A travel journal for al-Nabulsi's journey to Palestine, specifically Jerusalem and Hebron
The highlight of this section is Lot 57, Abd al-Ghani al-Nabulsi, Al-Hadra al-Unsiyya fi al-Rihla al-Qudsiyya, also known as "al-Rihla al-Wustd", a monumentally important authorial manuscript copy of an eye witness account of the author's journey across Palestine, Jerusalem and Hebron, compiled during his travels in the 1690s. This manuscript is most probably one of only three copies to come to the open market in living memory.
Lot 57: Abd al-Ghani al-Nabulsi, Al-Hadra al-Unsiyya fi al-Rihla al-Qudsiyya, also known as "al-Rihla al-Wustd" (a travel journal for al-Nabulsi's journey to Palestine, specifically Jerusalem and Hebron), among other extracts, working authorial manuscript copy and first appearance of the text, in Arabic, decorated manuscript on paper [various places throughout the Ottoman Levant, probably c. 1101 AH (1690 AD)] | Est. £15,000-20,000 (+fees)
Abd al-Ghani bin Ismail bin Abd al-Ghani al-Nabulsi was a poet, mystic and an esteemed scholar of theology and literature. He was born in Damascus in 1050 AH (1641 AD) and was a great traveller in his lifetime, notably visiting Baghdad, Palestine, Lebanon, Egypt and Hijaz, before retiring back to Damascus. By the age of twenty, al-Nabulsi was formally teaching legal Fatwa in Damascus, and later spent seven years in isolation to devote himself to the mystic orders of Qadiriyya and Naqshbandi.
His father Isma'il bin Abd al-Ghani bin Ismail ibn Ahmad al-Nabulsi was of Palestinian descent, the name 'Nabulsi' meaning 'from Nablus' (a village just North of Jerusalem), and was a scholar and jurist in the Hanafi School. Despite his Palestinian roots, al-Nabulsi (junior) very much associated himself with Damascus and often refers to himself as 'al-Nabulsi al-Damashqi' (al-Nabulsi of Damascus) in the present manuscript.
Al-Nabulsi was a prolific writer and compiled many authoritative texts including both theological, poetic and travel treatises. This manuscript includes the original commentaries by the author on a journey to Palestine, Jerusalem and Hebron from which al-Nabulsi's text Al-Hadra al-Unsiyya fi al-Rihla al-Qudsiyya was compiled. As well as descriptions of historical sites, which are documented over a period of about 45 numbered days throughout the text, this manuscript also includes descriptions of many encounters with important and influential figures along his journey, some of which come in the form of an Ijazah between al-Nabulsi and a respective recipient.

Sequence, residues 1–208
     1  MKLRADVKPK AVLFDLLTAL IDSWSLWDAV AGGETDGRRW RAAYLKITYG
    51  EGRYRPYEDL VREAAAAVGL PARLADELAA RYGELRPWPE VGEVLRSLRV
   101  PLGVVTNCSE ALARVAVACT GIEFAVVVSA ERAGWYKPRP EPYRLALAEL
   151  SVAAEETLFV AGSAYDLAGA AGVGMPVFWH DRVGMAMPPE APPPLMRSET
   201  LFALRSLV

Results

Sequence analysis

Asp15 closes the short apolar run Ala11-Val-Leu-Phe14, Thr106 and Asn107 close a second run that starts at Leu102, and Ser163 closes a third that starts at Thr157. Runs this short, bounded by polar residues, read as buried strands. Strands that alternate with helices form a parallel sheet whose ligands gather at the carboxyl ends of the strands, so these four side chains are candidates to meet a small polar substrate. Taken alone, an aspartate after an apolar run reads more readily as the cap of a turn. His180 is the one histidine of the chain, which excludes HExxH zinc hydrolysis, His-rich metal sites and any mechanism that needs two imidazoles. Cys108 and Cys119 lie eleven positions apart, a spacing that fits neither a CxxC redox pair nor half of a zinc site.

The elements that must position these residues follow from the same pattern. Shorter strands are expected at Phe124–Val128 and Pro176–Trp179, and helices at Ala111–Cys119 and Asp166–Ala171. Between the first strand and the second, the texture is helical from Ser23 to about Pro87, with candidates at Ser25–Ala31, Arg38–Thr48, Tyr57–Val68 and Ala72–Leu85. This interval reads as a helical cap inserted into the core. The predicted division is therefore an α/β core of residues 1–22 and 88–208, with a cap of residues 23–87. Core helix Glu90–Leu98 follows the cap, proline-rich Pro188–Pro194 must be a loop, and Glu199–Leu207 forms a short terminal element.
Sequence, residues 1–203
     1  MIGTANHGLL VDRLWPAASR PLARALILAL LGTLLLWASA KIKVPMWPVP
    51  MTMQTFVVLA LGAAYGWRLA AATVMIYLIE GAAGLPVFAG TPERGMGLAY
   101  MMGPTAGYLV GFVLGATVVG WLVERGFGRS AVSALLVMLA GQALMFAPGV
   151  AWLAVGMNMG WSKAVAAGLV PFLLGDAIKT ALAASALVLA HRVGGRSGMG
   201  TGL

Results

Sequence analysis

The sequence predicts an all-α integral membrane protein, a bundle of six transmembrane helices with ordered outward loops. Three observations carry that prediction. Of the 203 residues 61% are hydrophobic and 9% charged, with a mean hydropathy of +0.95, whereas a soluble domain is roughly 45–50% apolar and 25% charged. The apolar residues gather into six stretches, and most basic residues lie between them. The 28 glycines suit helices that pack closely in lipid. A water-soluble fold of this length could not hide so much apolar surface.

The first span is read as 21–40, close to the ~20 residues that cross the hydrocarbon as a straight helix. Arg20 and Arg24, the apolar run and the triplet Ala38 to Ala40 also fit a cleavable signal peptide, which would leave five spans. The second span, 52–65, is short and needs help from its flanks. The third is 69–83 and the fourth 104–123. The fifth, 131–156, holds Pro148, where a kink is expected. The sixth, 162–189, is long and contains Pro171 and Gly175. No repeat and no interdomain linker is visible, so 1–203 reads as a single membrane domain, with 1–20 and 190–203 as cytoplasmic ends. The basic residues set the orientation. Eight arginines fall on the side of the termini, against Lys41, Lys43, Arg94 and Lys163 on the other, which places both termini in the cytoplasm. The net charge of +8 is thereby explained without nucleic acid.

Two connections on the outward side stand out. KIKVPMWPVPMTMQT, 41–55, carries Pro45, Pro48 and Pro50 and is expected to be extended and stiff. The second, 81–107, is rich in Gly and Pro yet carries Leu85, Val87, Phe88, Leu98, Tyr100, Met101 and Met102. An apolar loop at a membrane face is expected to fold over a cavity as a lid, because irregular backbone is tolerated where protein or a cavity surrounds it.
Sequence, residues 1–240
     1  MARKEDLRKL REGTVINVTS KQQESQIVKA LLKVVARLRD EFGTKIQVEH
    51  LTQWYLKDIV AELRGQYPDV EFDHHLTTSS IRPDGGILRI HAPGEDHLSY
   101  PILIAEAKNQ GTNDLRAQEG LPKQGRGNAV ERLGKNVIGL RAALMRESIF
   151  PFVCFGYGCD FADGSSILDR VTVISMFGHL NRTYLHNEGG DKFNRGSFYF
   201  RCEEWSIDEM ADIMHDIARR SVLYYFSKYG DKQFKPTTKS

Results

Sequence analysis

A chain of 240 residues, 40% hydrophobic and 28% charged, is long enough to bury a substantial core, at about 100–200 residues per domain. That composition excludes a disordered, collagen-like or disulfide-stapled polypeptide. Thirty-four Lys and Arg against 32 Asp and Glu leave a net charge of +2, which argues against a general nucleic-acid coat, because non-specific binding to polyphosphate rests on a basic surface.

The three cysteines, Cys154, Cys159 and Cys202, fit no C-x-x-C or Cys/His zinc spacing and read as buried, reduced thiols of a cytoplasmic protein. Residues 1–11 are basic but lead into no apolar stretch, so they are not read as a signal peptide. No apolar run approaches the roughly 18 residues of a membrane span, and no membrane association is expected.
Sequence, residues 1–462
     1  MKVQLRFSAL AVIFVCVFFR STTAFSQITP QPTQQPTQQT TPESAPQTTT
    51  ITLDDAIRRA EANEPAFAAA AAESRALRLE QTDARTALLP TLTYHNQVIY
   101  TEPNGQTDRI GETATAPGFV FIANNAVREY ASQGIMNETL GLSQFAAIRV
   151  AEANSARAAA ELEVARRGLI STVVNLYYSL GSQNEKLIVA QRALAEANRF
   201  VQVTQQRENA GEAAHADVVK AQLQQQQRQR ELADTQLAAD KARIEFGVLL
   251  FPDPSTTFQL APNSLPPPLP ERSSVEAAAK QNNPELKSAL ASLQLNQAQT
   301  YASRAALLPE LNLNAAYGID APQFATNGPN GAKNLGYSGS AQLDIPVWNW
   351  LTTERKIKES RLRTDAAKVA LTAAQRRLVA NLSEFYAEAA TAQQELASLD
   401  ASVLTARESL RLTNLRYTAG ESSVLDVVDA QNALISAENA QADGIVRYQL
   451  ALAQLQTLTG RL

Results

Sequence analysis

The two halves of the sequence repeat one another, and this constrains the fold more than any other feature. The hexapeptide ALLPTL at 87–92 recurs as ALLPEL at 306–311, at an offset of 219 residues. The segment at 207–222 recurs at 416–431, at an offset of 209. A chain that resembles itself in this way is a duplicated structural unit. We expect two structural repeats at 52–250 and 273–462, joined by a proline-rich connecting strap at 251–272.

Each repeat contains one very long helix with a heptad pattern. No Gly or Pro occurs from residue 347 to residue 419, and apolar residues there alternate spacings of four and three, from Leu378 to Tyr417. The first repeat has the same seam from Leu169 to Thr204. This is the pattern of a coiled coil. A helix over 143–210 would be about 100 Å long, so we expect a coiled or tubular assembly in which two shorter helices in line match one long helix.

A Dictionary of Medicine and guide to Herbal remedies
Finally, another highlight from the auction is Lot 60, Abu al-Fazl Hubaysh bin Ibrahim al-Tiflisi, Nazm al-Suluk wa Taqwim al-Adviyeh, a Dictionary of Medicine and guide to Herbal remedies, a decorated manuscript on paper in Arabic.
Lot 60: Abu al-Fazl Hubaysh bin Ibrahim al-Tiflisi, Nazm al-Suluk wa Taqwim al-Adviyeh (a Dictionary of Medicine and guide to Herbal remedies), in Arabic, decorated manuscript on paper [Ottoman Levant (possibly Jerusalem), dated Shawwal 974 AH (1556-7 AD)] | Est. £6,000-8,000 (+fees)
Abu al-Fazl Hubaysh bin Ibrahim al-Tiflisi was a physician and astronomer, given the title 'al-Mutabbib' (the doctor) for authorship of numerous medical texts; including the present volume as well as the Kafiyat al-Tibb (Encyclopedia of Medicine). Though little is known about al-Tiflisi's working life, he is thought to have lived around 600 AH (1203 AD).
The present codex forms a substantial work on herbal medicine and acts as a reference work for medication and the application of practical remedies.
The colophon is signed by Ismail bin Abd'ulhaq al-Hamsa Damashqi al-Mutabbib, whose title most probably records the use of the volume by an early medical practitioner. It clearly stayed in such use for some centuries, and an early eighteenth-century ownership inscription to the title indicates that it was still used then by another Mutabbib, Afif al-Din bin Sadaqa bin Afif, who worked in the al-Salahi Hospital in Jerusalem. The binding currently housing the manuscript was probably added by Afif and used in the Salahi Hospital, one of the foremost centres for Islamic medical studies in the Middle East.
AUCTION DATE & LOCATION
Friday 12 June | 2pm
16-17 Pall Mall, St James's, London SW1Y 5LU
This is an online auction with auctioneer.